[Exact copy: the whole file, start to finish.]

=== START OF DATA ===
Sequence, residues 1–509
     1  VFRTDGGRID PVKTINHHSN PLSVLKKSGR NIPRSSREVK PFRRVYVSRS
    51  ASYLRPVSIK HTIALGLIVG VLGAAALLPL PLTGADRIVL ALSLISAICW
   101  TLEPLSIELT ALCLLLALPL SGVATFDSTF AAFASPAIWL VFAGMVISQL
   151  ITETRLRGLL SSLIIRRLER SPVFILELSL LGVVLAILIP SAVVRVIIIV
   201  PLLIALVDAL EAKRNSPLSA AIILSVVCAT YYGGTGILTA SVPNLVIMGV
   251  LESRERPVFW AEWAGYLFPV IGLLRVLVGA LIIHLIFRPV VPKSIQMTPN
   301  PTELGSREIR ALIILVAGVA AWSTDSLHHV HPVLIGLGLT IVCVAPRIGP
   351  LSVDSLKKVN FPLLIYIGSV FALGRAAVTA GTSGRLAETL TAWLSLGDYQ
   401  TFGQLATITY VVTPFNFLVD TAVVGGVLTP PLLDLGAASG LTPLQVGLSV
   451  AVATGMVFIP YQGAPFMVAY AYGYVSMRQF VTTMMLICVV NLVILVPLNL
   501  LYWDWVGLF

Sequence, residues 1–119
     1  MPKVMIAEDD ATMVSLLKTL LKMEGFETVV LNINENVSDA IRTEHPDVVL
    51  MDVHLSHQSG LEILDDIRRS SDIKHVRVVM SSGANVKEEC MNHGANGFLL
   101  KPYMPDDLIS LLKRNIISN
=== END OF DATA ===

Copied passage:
Sequence, residues 1–509
     1  VFRTDGGRID PVKTINHHSN PLSVLKKSGR NIPRSSREVK PFRRVYVSRS
    51  ASYLRPVSIK HTIALGLIVG VLGAAALLPL PLTGADRIVL ALSLISAICW
   101  TLEPLSIELT ALCLLLALPL SGVATFDSTF AAFASPAIWL VFAGMVISQL
   151  ITETRLRGLL SSLIIRRLER SPVFILELSL LGVVLAILIP SAVVRVIIIV
   201  PLLIALVDAL EAKRNSPLSA AIILSVVCAT YYGGTGILTA SVPNLVIMGV
   251  LESRERPVFW AEWAGYLFPV IGLLRVLVGA LIIHLIFRPV VPKSIQMTPN
   301  PTELGSREIR ALIILVAGVA AWSTDSLHHV HPVLIGLGLT IVCVAPRIGP
   351  LSVDSLKKVN FPLLIYIGSV FALGRAAVTA GTSGRLAETL TAWLSLGDYQ
   401  TFGQLATITY VVTPFNFLVD TAVVGGVLTP PLLDLGAASG LTPLQVGLSV
   451  AVATGMVFIP YQGAPFMVAY AYGYVSMRQF VTTMMLICVV NLVILVPLNL
   501  LYWDWVGLF

Sequence, residues 1–119
     1  MPKVMIAEDD ATMVSLLKTL LKMEGFETVV LNINENVSDA IRTEHPDVVL
    51  MDVHLSHQSG LEILDDIRRS SDIKHVRVVM SSGANVKEEC MNHGANGFLL
   101  KPYMPDDLIS LLKRNIISN